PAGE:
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Final results: Summary results | Town resultsThe BasicsThe New Hampshire primary is a mainstay in American electoral politics. Every four years, voters gather to help determine the Republican and/or Democratic nominee for President. While the state only has 12 electoral votes in 2012 (normally it’s 24, but the Republican National Committee penalized the state party for moving up the event date), the primary’s position as one of the earliest contests gives the state out-sized influence over the nomination process.Only the Iowa caucuses come before New Hampshire’s primary. Traditionally, New Hampshire’s broad-based primary contest has been seen as a counter-weight to Iowa’s more drawn-out caucus process, which tends to draw a smaller core of party faithful. In the case of the 2012 Republican race, New Hampshire’s electorate is seen to represent the more libertarian-leaning, fiscally conservative wing of the party, while Iowa voters are seen as representing the socially conservative wing of the GOP base.N.H. Primary summary provided by StateImpact - NH reporter, Amanda Loder

N.H. Sen. Ayotte Considered For Romney's V.P. Slot


Now that he appears to have finally locked up the Republican nomination, Mitt Romney has had no shortage of company, people wanting to join him on the campaign trail. And that includes some who may be trying out for the number two slot on the Republican ticket.

REP. PAUL RYAN: It's not too late to put our country back onto a path of prosperity. Guess what? We have a leader who can do that.

SEN. ROB PORTMAN: In his business career, he created over 100,000 jobs. It'd be nice to have somebody in the White House that knows how to create jobs, wouldn't it?

SEN. MARCO RUBIO: And he happens to be here today. His name is Mitt Romney, the next president of the United States.


GREENE: That was Florida Senator Marco Rubio, Ohio Senator Rob Portman, and Wisconsin congressman Paul Ryan. Monday it was New Hampshire Senator Kelly Ayotte's turn. New Hampshire Public Radio's Josh Rogers reports.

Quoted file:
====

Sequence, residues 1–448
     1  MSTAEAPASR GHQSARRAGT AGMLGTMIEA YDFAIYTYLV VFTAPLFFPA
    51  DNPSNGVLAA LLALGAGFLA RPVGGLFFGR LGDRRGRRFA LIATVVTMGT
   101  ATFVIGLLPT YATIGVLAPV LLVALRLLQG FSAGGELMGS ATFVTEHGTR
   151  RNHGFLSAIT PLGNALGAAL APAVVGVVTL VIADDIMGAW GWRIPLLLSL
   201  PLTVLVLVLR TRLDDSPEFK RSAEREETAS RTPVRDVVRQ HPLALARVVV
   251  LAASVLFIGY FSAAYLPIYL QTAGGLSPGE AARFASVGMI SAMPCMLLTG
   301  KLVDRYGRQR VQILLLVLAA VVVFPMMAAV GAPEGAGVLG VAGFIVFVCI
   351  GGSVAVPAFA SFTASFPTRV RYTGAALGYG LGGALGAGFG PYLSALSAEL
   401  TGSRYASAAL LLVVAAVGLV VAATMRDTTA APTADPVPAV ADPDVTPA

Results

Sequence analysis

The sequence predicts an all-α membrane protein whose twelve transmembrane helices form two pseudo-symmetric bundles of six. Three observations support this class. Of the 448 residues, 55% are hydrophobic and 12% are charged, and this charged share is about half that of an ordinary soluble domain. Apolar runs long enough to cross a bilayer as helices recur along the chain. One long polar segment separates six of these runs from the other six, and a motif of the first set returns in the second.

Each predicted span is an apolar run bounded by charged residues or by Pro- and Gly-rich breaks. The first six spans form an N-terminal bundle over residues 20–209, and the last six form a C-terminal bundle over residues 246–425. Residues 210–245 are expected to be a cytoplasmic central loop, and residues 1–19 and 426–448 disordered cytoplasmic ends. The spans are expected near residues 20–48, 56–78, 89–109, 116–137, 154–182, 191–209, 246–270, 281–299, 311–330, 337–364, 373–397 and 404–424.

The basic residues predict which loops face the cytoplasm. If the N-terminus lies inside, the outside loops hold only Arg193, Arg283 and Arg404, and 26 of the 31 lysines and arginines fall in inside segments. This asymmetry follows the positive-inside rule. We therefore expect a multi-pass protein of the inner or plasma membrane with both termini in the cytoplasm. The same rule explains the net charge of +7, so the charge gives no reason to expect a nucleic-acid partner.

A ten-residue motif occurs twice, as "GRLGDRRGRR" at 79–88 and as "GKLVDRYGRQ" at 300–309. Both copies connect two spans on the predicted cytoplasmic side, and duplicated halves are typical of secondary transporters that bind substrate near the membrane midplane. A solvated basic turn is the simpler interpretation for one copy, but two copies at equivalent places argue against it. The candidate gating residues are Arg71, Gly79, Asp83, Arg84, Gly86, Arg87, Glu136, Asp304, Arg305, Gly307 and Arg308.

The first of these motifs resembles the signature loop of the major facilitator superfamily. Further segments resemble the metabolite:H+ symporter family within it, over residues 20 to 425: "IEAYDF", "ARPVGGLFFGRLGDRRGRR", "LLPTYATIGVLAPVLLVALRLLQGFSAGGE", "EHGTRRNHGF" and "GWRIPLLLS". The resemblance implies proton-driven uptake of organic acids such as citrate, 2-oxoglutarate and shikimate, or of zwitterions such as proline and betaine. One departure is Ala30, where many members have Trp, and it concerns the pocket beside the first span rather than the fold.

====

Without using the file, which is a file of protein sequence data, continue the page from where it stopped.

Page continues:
JOSH ROGERS, BYLINE: Standing under a cloudless sky on Portsmouth's fish pier, a beaming Mitt Romney by her side, Kelly Ayotte got five minutes at the podium. The former state attorney general dutifully hit the message du jour, that over-regulation is killing the economy.

SEN. KELLY AYOTTE: I just have one message for our fishermen and to every small business owner in this country who struggles every day to earn success and who fights for the American dream, help is on the way.


ROGERS: Kelly Ayotte's never been a powerful orator, but in a career marked by a knack for being in the right place at the right time, that hasn't much mattered. As AG, Ayotte defended a state parental notification law at the U.S. Supreme Court. She also won the New Hampshire's first death penalty conviction in 70 years.

The GOP establishment got behind Ayotte the moment she entered the 2010 Senate race, and she ultimately routed a sitting Democratic congressman by 23 points. Kelly Ayotte backed Mitt Romney early in the presidential primary, and he told the crowd her support helped New Hampshire send him on his way.

MITT ROMNEY: You got the ball rolling for me. I became the presumptive nominee, I think, because the presumptive folks of New Hampshire gave me your vote and got be me on track and I'm going to become the next president of the United States, with your help, in November.


ROGERS: Prior to Romney's speech, campaign adviser and former New Hampshire Governor John Sununu told reporters that Ayotte's one of about 20 candidates under serious consideration to be Romney's running mate. But at the same time, Sununu acknowledged that a ticket featuring two New Englanders might not work.

JOHN SUNUNU: That probably ends up on the negative side of the ledger, but the ledger has a lot of entries, including capacity, philosophy and certainly the ability to convince people that the selection could be president.

ROGERS: Other longtime New Hampshire politicos, even staunch Ayotte-backers, are more skeptical. Ruth Griffin, a former RNC member who served more than 30 years in elective office here, says the need for a ticket with true national appeal dooms Ayotte's chances.

RUTH GRIFFIN: It isn't going to be Kelly Ayotte, even though she's probably more qualified than most of the people whose names they're tossing around.

ROGERS: Senator Ayotte herself, meanwhile, is playing the part of a potential VP candidate to a T. When asked, she downplayed the possibility of even being in the running.

AYOTTE: My focus is on representing New Hampshire in the United States Senate and getting Mitt Romney elected president so he can turn our country around.

ROGERS: Yet Ayotte didn't completely close to door to being Romney's running mate. She said she'd do whatever the campaign wants to get Mitt Romney elected.

For NPR News, I'm Josh Rogers in Concord, New Hampshire.


GREENE: This is NPR News. Transcript provided by NPR, Copyright NPR.

Josh has worked at NHPR since 2000.
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